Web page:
Toddstar: Alter Bridge is one of those bands that I’ve always dug. One thing that I’ve always like about Tremonti, not to take away from Alter Bridge, but he’ll play the big places, he’ll play the little places. One of the smaller places he plays you guys have had great luck with and it’s one of my favorite venues in the world and unfortunately you guys aren’t playing it because of this bill, but The Machine Shop in Flint, Michigan.

Jes: Yes sir. That is definitely one of, if not our favorite spot to stop. Everybody there is incredible. Kevin, Johanna, everybody, all the stuff, we love, love, love going to The Machine Shop and Big John’s is right next door, killer sandwiches dude. I go there every time we stop.

Toddstar: What’s it about a place like that that really draws you guys in, not only as a band, but as fans of music?

Jes: I think the sense of community. For example, The Machine Shop, it’s more than just a venue. It’s not a huge place, it’s not like an amphitheater, nothing like that, but the size of the community is just that big. People there actually give a damn about each other, they give a damn about you, and they give a damn about what you’re doing. Kevin is actually one of the most humble, down to earth dudes I’ve ever met in my life, nice as shit. His wife is equally as awesome. The entire staff is just a great representation of what a community is supposed to be and that’s what we love about it. I feel like anytime there’s that vibe about a venue or a bar or whatever, it’s going to have success. It’s not about what kind of beer you’re selling or that kind of thing because you could be selling piss on tap, but if you’re nice to people and you treat people the way they’re supposed to be treated, they’ll keep coming back. 

Toddstar: I agree with you. That’s why it’s one of my favorite spots. Minty, the house photographer, always speaks to highly of you guys.

Jes: Minty is a great dude. Again, just another awesome genuine soul from that community and it’s great.

Toddstar: I agree. So you guys are pushing this new album, it came out in September, so it’s a couple months old. How’s it being received by the fans based on your first take? How are they wrapping their heads and ears and hearts around this new material?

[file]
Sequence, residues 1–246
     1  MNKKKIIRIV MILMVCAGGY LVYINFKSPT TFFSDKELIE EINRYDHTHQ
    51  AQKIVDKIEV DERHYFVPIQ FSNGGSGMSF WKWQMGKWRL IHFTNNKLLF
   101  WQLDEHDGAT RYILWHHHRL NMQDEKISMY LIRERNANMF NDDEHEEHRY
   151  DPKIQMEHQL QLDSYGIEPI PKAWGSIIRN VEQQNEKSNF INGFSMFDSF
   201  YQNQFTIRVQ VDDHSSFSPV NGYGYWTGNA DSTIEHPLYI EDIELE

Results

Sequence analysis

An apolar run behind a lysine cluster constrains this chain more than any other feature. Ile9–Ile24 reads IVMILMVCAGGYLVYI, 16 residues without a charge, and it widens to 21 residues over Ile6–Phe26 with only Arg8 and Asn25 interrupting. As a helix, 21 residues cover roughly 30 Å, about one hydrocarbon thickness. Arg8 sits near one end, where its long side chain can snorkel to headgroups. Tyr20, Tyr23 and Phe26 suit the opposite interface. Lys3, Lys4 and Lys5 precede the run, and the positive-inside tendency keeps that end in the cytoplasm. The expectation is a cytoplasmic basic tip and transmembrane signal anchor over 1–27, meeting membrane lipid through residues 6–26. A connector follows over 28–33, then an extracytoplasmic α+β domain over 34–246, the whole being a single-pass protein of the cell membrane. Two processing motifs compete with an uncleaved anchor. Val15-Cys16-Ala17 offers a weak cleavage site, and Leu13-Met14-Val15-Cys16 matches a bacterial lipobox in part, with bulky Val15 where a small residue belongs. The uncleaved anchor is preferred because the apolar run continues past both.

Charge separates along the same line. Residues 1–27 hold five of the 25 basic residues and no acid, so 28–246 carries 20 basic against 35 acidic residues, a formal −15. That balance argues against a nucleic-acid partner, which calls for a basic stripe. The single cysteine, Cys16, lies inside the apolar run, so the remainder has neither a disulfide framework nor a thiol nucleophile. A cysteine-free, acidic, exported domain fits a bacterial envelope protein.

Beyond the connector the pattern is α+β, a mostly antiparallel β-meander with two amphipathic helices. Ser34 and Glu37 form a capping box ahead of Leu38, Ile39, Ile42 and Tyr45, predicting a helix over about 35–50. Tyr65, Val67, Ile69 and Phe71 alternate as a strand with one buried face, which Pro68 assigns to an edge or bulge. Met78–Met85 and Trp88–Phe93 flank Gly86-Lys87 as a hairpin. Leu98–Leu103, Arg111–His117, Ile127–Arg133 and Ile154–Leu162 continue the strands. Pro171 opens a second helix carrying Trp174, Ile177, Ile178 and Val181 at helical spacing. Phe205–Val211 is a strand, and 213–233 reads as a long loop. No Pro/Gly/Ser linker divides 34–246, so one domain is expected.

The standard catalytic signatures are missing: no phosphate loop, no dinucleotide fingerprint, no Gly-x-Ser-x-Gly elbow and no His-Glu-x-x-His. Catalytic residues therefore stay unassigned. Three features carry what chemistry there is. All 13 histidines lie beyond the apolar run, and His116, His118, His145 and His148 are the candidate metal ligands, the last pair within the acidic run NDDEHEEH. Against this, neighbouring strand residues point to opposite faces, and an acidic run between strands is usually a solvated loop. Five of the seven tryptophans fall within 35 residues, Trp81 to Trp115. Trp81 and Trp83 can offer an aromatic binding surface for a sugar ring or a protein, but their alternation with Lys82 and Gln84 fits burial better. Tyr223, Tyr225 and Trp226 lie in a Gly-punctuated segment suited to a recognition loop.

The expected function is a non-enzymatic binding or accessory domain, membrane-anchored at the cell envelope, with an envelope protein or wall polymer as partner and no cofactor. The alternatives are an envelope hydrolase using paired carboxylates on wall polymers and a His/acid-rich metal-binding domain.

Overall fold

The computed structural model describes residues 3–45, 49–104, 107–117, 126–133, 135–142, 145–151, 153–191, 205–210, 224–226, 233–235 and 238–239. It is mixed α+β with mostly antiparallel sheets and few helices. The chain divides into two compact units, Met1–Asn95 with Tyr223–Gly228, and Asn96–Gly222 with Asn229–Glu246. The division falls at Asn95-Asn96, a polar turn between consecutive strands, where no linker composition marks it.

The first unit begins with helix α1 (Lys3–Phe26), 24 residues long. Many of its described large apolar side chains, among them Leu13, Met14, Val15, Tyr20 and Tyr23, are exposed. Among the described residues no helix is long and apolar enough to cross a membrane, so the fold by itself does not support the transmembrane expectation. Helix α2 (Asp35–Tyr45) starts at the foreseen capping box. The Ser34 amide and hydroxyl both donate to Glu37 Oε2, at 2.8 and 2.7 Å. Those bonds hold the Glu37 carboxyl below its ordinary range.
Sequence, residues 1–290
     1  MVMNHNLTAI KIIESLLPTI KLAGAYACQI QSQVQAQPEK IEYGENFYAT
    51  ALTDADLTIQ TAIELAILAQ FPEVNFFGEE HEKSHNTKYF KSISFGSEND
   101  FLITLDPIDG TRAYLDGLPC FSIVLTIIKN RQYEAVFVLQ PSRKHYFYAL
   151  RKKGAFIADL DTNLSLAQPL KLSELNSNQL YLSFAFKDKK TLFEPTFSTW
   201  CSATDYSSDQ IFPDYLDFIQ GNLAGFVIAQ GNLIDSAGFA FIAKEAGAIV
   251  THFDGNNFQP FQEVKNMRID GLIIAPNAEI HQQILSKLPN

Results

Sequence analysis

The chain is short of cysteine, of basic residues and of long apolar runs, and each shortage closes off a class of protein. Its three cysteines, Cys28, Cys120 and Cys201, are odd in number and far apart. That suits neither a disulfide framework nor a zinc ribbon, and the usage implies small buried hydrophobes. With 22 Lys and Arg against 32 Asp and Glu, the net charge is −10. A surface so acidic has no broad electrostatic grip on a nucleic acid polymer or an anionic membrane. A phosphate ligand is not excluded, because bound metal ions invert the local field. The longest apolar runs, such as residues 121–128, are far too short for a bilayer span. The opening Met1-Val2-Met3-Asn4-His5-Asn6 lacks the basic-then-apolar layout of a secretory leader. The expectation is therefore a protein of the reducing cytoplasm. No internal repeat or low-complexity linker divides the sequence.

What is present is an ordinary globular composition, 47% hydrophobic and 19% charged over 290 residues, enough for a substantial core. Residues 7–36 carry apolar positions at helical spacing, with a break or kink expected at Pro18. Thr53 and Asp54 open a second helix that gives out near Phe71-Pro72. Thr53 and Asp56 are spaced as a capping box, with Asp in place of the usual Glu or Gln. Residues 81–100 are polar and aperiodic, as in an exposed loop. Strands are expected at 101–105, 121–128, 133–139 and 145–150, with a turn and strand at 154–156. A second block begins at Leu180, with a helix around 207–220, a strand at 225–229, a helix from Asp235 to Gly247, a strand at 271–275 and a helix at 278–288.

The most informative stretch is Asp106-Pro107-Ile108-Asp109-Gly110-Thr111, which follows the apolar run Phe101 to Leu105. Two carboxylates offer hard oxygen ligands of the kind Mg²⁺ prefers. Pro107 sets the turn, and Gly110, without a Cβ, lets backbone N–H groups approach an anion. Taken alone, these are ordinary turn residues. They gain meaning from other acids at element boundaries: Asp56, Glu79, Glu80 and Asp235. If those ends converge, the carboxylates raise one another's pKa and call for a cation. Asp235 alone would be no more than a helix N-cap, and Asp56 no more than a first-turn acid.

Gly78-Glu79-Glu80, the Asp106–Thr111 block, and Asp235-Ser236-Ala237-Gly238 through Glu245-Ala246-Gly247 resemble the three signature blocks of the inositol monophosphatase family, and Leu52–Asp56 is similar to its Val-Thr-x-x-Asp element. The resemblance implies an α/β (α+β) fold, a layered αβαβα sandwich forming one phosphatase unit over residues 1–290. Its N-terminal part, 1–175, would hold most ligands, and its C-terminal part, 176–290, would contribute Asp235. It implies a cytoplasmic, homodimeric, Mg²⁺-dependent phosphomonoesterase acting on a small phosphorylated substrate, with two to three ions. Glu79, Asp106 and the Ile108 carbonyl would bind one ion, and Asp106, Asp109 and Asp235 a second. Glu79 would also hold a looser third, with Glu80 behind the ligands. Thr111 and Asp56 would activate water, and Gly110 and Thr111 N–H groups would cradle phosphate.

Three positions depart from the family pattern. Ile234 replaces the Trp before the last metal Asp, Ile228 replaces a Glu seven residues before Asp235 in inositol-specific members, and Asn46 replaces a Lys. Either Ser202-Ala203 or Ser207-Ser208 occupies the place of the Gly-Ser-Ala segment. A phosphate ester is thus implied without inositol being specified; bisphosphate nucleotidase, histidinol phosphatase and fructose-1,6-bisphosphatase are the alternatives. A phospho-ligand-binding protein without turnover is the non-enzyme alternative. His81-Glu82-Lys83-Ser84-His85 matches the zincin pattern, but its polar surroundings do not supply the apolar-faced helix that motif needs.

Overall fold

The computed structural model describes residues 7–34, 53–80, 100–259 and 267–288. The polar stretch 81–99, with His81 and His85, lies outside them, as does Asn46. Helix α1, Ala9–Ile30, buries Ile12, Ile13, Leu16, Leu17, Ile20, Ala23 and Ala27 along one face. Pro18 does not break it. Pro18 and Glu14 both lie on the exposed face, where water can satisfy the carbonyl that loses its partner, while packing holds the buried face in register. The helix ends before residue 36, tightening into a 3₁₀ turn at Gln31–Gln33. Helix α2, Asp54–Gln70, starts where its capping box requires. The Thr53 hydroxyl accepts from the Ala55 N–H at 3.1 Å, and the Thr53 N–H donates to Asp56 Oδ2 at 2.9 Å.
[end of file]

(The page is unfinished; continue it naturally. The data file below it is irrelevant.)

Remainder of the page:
Jes: So far so good. It’s all been positive vibes. The people that bought the first album and know who we are all had nothing but positive things to say and it’s cool to hear that people really feel like we outdid the first album. They enjoy what we’re doing and it really helps fuel the fire in all this. It keeps us going, it keeps us motivated, especially when we go out to shows we see a lot of returning faces with the Sons of Texas shirts and the crowds are growing bigger, more and more familiar faces, that kind of thing. Again, another sense of community. All you gotta do is just listen to somebody, shake their hand and tell them I really appreciate that you’re out here supporting what I do, thank you. That’s it, that’s all it takes, just don’t be a dick, that’s it.

Toddstar: With that said and you talked about how you guys grew as a unit, as friends, as family out touring supporting the first album and then going in and doing the second album. What’s a thing or two you learned during this album that you learned that you don’t want to do again?

Jes: I don’t know yet, I think it’s too early to tell. We’re very happy with the way the album came out and all the songs that we put our heart and soul behind. But I think it’s too early to tell. I definitely would want to incorporate more of the live aspect, that’s something I’m always looking to do. I’m always looking to grow, always looking to see where I can adjust and improve because there’s always room for improvement. As far as what not to do, I don’t know because I don’t think we did anything that was sketchy or on the verge of feeling wrong because again we went with what was natural and nothing that was out of the blue.

Toddstar: In all the touring you’ve done because again, like you mentioned and anybody who follows you knows you’ve done extensive touring over the last couple years. Who is the most fun band to be out with that you also learned a ton from?

Jes: Off the top of my head because we just went out with them was Seether. Fucking awesome dude, awesome. It was crazy too because again, I’d grown up listening to everything Shaun did with Seether, all the singles, I knew all the words and all that shit. For me it was insane just being out there and being able to watch him do what he does and not just from a listener standpoint, but being able to actually talk to him, shake his hand and really get inside his head a little bit. He’s a cool, cool dude, he’s awesome. It was cool that Clint Lowery was out there with them too because I’m a huge Sevendust fan and just finally getting to shoot the shit with that guy was fucking awesome dude. That guy was cool. It was just a fun tour, it was all around just being out there in Europe touring in a place that’s away from the norm, which you’re used to and just meet new people and that kind of thing and just watching live rock and roll music just be what it is and enjoying it. Absorbing it all and having a good time.

Toddstar: That’s awesome especially for a young band like yourselves to be able to pair up with bands that know what they’re doing, but also they are… I don’t want to use the term your idol and put words in your mouth, but like you said, you’re a huge fan of the band. I also have to note I saw one of the first Seether shows when they added Clint when they played Chicago Open Air, he definitely adds a dimension to that unit for sure.